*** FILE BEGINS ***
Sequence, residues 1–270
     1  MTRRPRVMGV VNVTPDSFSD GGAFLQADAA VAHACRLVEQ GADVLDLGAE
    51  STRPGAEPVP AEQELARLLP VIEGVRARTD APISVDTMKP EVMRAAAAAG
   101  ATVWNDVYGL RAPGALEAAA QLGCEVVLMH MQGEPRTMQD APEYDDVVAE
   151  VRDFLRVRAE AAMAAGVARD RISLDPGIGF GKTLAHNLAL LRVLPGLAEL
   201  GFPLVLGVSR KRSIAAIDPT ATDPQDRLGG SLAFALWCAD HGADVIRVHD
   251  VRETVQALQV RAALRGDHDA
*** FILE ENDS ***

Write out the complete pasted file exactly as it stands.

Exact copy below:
Sequence, residues 1–270
     1  MTRRPRVMGV VNVTPDSFSD GGAFLQADAA VAHACRLVEQ GADVLDLGAE
    51  STRPGAEPVP AEQELARLLP VIEGVRARTD APISVDTMKP EVMRAAAAAG
   101  ATVWNDVYGL RAPGALEAAA QLGCEVVLMH MQGEPRTMQD APEYDDVVAE
   151  VRDFLRVRAE AAMAAGVARD RISLDPGIGF GKTLAHNLAL LRVLPGLAEL
   201  GFPLVLGVSR KRSIAAIDPT ATDPQDRLGG SLAFALWCAD HGADVIRVHD
   251  VRETVQALQV RAALRGDHDA